• Jenny Sommer

        But we don’t hear about every burned out Tesla either.

        • Bob_Wallace

          We don’t? If we don’t then how would you know?

          • Jenny Sommer

            Maybe you do? I might not read the right pages. I don’t read about burning Teslas on CT.
            Maybe these reports an pictures are hoaxes?

          • Bob_Wallace

            Some of the press loves to talk about Tesla problems. A recent WSJ article opened with, paraphrasing, “several Teslas have burst into flames when the cars ran over something in the road”. Several, in this case, was two.
            I find it hard to believe that there has been a single fire involving a Tesla which has not been reported.

            I can think of only a few Tesla fires to date and all have been discussed on CT. The two road debris fires, the high speed crash fire, the garage fire which was found to be a problem with garage wiring, and this one at a Supercharger.

        • neroden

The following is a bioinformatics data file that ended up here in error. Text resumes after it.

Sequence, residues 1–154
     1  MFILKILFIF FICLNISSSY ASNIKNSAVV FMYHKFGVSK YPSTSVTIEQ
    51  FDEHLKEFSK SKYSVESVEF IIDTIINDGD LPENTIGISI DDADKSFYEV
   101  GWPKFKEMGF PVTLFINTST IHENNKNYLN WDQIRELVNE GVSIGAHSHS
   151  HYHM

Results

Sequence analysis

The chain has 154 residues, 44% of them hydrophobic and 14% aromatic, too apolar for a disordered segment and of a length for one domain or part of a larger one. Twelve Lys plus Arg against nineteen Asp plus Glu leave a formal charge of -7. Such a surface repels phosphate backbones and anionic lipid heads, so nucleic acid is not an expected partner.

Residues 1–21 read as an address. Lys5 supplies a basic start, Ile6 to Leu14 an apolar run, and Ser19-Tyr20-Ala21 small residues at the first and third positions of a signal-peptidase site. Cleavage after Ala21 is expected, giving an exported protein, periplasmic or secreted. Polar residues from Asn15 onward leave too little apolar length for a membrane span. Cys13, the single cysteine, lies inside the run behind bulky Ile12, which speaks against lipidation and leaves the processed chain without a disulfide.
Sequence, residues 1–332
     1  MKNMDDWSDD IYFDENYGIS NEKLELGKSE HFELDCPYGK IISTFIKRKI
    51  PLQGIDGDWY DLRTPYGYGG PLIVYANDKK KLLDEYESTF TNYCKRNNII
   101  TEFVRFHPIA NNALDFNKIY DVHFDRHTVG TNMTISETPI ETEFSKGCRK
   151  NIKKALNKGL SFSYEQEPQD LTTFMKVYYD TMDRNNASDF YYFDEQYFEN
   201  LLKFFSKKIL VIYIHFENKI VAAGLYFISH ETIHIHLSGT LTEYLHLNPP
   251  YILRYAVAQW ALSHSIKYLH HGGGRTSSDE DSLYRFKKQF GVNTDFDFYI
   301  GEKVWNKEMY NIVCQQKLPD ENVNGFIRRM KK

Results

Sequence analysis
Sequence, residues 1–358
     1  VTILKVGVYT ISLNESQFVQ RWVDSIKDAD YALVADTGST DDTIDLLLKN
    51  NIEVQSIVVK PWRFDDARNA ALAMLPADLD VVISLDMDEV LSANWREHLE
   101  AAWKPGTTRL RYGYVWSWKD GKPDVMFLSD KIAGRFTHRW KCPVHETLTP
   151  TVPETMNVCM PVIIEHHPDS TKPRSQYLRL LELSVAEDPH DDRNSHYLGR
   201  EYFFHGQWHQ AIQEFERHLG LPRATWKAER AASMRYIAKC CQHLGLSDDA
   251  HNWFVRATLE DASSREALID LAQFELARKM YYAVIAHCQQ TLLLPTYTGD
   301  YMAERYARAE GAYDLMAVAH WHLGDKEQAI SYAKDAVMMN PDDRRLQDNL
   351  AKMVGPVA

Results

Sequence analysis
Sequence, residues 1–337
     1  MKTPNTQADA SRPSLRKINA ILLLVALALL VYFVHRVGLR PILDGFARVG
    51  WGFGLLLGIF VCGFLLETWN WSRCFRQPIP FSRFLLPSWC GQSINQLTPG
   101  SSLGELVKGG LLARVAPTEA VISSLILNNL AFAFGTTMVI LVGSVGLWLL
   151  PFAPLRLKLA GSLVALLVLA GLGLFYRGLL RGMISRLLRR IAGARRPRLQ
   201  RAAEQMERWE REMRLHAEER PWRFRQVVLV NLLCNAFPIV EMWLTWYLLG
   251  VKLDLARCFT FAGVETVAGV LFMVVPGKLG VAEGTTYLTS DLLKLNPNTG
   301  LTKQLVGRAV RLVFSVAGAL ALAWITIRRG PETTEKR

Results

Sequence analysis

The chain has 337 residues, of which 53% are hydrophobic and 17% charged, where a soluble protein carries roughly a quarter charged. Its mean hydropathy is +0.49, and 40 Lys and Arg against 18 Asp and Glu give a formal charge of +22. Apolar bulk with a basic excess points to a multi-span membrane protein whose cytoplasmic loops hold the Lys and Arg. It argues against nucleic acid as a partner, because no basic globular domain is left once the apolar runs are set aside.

We’ve heard about every single Tesla fire ever. I believe there were four, including the one which caught fire because it was in a garage which was on fire, and three collisions (all prior to the “titanium shield”).

  • Marion Meads

    I’m in favor of road tax for all vehicles. The amount of tax is based on miles driven and weight class of the vehicle. This is to help maintain roads, including those roads that are seldom used.

    In parallel, the price of gasoline should include the carbon tax, and in this tax, it should include the indirect societal costs, and the carbon tax should be independent of the road tax. The more you use gasoline or diesel, the more would be your taxes.

    • Agreed, it has to be miles driven. Having different taxes and administration for each fuel type is complex, unfair and duplicates administrative costs. More and more fuel types are coming to market which will make the current scheme a total mess.

      The same tax method/basis for everyone is the way to go. Miles driven overcomes diferent fuel types and different fuel efficiencies muddying the waters.

      • neroden

        Weight class is very important: road damage is proportional to the FOURTH POWER of the axle load. So almost all the damage is done by trucks.

        • Nobody said it isn’t. Once you know the miles driven, multiply by the rate for the vehicle and you are arrive at a fair tax.

          The problem comes when you try and tax different fuel types by various schemes and things get complicated, expensive to administer and unfair to one group of owners or another.

    • milliamp

      Add to that a tax to help fund the constant need to be militarily and politically involved in middle eastern conflicts.

  • Kyle